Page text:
Cameron Could Face Fresh Tory EU Vote Rebellion

Cameron Could Face Fresh Tory EU Vote Rebellion

Prime Minister David Cameron could face a fresh Conservative rebellion over Europe on Wednesday if a parliamentary motion over an EU referendum is debated.

Eurosceptic MP John Baron has introduced a non-binding motion expressing “regret” that last week’s Queen’s Speech, which set out the government’s priorities for the year, did not include a promise to legislate for a referendum on EU membership.

House of Commons Speaker John Bercow is set to announce whether the amendment has been selected for debate as part of the wider debate on the legislative programme.

It is thought that as many as 100 lawmakers could back it, a third of the parliamentary Tory party, although the motion is non-binding.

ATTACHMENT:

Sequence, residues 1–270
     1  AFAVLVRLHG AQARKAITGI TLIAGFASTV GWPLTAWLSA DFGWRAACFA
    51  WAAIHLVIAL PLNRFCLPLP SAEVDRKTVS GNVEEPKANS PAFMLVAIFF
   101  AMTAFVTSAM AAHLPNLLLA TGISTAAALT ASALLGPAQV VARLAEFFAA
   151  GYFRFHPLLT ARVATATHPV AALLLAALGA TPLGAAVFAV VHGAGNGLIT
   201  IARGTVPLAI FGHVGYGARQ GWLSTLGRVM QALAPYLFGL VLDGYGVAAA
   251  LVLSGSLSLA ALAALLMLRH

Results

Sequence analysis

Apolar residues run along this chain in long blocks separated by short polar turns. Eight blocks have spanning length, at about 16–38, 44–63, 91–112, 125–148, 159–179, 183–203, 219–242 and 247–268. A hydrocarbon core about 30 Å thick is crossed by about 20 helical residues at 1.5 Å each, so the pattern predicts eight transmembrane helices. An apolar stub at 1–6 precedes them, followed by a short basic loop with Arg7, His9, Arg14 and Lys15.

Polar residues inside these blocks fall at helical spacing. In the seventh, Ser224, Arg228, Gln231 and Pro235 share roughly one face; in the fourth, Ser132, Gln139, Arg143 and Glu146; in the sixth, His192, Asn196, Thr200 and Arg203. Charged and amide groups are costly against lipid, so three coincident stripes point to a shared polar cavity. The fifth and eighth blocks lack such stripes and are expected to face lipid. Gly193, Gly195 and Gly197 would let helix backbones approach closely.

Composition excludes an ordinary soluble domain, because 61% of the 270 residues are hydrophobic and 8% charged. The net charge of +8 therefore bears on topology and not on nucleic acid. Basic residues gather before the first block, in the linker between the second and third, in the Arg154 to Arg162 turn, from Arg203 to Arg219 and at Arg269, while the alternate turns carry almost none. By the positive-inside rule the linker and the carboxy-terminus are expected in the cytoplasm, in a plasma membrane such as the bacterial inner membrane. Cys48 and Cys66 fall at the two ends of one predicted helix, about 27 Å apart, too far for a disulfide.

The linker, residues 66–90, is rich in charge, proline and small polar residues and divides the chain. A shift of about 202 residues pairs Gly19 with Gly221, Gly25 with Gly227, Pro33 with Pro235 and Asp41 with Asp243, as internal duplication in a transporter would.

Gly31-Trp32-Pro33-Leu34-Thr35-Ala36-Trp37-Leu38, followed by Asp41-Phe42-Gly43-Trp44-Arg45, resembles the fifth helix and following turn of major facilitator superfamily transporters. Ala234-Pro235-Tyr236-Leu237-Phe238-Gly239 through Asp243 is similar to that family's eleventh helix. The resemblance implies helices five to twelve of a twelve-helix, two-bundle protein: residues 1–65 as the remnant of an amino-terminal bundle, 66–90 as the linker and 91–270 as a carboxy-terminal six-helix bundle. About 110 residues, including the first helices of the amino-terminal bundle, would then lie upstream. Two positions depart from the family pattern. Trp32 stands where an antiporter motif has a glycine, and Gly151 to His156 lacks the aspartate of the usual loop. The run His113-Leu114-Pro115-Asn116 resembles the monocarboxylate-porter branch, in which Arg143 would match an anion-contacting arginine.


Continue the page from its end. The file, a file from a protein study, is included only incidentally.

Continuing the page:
In a bid to head off an embarrassing symbolic rebellion, Cameron’s Conservatives on Tuesday published a draft bill to hold a referendum on membership of the European Union.

It is a highly unusual move as it was published by the party, not the government, and will rely on an individual Tory MP guiding it through parliament as a private members’ bill.

The premier has promised to hold an in-out referendum before the end of 2017 if his party wins a majority at the next general election in 2015. Currently the Tories share power with the smaller pro-EU Liberal Democrats.

The rise of the eurosceptic UK Independence Party (UKIP), which came third in local elections this month, has renewed Tory calls for clear, quick action over Europe.

Cameron says he supports EU membership and would vote “yes” in any referendum but believes the 27-nation bloc needs to change.

However, opinion polls suggest many British people do not agree with him — a YouGov survey this week found 46 percent would vote to leave the EU, compared with 35 percent who would vote to stay.